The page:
Chet Baker Biography, Life, Interesting Facts
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Chet Baker is an American musician known for his skills on the trumpet as well occasionally lending his vocals for his album records and for making appearances on selected films. Besides being an artist, Baker was also known for his drug addiction that shattered his career.
The Son of Musically Inclined Parents
Born as Chesney Henry Baker on December 23, 1929, at Yale, Oklahoma, his parents were Chesney Baker Sr. and Vera Moser. When Baker was ten years old, his family relocated and settled in Los Angeles.
Baker’s affinity towards the world of music has long been established with his father who used to work as a professional guitarist of which he traded for a regular job due to the Great Depression, and his pianist mother who settled to work at a factory specializing in perfume.
As a child, Chet Baker joined the local church choir and received the trombone as his first instrument from his father. The young Baker, later on, switched to the trumpet at the age of 13 for the trombone proved to be too big for him to play.
Baker soon gained mastery of his new found instrument and improved tremendously. He attended Glendale Junior High School for a short amount of time before dropping out at the age of 16 to enlist in the US Army in 1946. In the Army, he became part of the 298th Army Band and did his service in Berlin, Germany. He left the army after two years only to enlist again while he was attending El Camino College in LA. He also partook in the musical activities during his tenure at the military and finally decided to seriously pursue the industry after he being discharged in 1951.
Baker and the Gerry Mulligan Quartet
A year after his discharge in the military, Chet Baker had the opportunity to play alongside Stan Getz and Vido Muso, both skilled saxophonist players. Afterward, he played alongside Charlie Parker, a famed jazz artist. That same year, he met Gerry Mulligan. At the time, Gerry Mulligan’s band was without a pianist, regardless their combination of tones helped defined the genre of cool music.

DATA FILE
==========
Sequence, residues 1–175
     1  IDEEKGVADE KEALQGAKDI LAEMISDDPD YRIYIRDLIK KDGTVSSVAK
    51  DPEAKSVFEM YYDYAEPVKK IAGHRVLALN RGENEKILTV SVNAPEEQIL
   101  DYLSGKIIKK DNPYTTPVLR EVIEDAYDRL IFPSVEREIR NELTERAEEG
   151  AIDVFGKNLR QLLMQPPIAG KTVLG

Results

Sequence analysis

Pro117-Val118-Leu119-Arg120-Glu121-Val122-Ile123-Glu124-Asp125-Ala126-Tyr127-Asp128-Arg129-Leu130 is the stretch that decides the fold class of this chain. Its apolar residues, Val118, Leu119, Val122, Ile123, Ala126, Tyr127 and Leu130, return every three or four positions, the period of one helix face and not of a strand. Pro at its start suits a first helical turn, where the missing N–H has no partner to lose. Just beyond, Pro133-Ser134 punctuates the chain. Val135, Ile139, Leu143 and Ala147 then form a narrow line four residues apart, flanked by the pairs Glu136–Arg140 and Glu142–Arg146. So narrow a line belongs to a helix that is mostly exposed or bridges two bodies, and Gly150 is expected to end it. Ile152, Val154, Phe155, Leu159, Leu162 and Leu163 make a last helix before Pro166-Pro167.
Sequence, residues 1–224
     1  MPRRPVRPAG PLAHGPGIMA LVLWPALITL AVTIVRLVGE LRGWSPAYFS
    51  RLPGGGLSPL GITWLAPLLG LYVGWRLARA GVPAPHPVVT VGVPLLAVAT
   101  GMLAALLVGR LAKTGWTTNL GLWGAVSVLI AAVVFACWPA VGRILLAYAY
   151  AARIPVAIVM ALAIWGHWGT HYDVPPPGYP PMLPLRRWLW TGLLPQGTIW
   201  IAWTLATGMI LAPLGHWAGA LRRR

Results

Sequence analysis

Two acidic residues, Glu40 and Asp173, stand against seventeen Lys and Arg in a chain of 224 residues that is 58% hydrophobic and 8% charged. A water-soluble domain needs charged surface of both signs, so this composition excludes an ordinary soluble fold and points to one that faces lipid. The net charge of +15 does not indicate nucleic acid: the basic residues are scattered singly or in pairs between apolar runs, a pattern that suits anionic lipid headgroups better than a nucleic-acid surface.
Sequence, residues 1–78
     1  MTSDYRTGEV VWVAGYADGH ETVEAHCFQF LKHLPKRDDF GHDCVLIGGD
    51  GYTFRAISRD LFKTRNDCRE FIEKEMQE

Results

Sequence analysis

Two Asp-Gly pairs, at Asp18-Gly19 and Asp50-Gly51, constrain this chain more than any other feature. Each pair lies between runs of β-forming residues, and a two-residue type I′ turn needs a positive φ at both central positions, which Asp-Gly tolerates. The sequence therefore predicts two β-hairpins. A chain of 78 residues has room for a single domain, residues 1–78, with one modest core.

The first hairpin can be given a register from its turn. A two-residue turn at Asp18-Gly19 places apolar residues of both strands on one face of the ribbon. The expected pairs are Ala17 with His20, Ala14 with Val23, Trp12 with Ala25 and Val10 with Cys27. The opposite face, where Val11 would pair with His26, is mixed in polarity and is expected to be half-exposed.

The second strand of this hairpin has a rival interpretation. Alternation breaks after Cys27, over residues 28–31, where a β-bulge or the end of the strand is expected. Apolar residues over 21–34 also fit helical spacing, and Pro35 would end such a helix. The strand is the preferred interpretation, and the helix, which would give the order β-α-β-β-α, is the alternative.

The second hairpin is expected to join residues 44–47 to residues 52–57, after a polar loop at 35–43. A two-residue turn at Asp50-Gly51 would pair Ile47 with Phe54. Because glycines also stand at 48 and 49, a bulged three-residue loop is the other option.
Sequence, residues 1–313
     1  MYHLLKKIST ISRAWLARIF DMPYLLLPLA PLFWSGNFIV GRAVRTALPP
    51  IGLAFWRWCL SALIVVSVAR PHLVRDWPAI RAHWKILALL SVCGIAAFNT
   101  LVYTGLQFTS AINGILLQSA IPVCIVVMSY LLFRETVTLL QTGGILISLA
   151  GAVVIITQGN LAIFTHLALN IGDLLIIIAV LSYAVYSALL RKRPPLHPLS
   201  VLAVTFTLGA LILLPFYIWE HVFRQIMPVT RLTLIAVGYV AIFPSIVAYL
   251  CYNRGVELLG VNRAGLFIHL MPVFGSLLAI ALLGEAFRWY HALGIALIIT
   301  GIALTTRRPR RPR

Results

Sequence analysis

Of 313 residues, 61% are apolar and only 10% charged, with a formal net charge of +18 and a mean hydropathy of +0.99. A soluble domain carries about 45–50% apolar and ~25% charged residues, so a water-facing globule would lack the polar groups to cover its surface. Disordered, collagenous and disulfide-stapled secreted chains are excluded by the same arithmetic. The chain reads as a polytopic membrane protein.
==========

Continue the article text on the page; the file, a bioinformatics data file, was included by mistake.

Baker released a song entitled “My Funny Valentine” which became a staple track of Baker that transcended most of his other songs, even as a solo artist. Together with the band, they produced notable hits such as Bernie’s Tune and Walkin’ Shoes. The band regularly performed on popular jazz clubs in Los Angeles such as the Tiffany Club in Hollywood and The Haig which were prominent in the 1950s.
In due time, Chet Baker became an established trumpeter and established his band. He was even hailed as the top trumpeter in a 1953 issue of the Metronome magazine. Blessed with good looks along with musical talents, he appeared in the 1955 war film Hell’s Horizon. He declined further involvement in acting and chose to focus on their scheduled European concert then.
The Unfortunate Involvement with Drugs
Mulligan was also arrested for drug charges and was sentenced to prison in the early days of Chet Baker's addition to the band. Much of these can be alluded to Baker’s introduction to heroin, although he stated that he started using the drug much later in 1957 his bandmates begged to differ. He soon fell into addiction and even pawned his instruments for drugs. Even during on tour in Europe, he was arrested multiple times in Italy and the UK which ultimately led to his deportation to the US in 1964.
Baker also suffered physically for his drug involvement wherein he was beaten and was unable to play the saxophone for a period. This left the musician in a depressed and sodden state. Nevertheless, he picked himself up and made a comeback with help from Dizzy Gillespie. Gillespie arranged a concert held in 1973 for Baker at the NYC’s Half Note club and later on at Carnegie Hall, reuniting with old partner Gerry Mulligan.
Baker’s Untimely Demise
Chet Baker died at the age of 58 on May 13, 1988. His body was found sprawled just outside the hotel he was staying in at Amsterdam. Traces of heroin and cocaine were found inside his body as well as on his belongings. Only a few weeks before his death, Baker delivered a stunning performance with the Hannover Radio Orchestra and the NDR Big Band. His remains are buried in Inglewood Park Cemetery in California.
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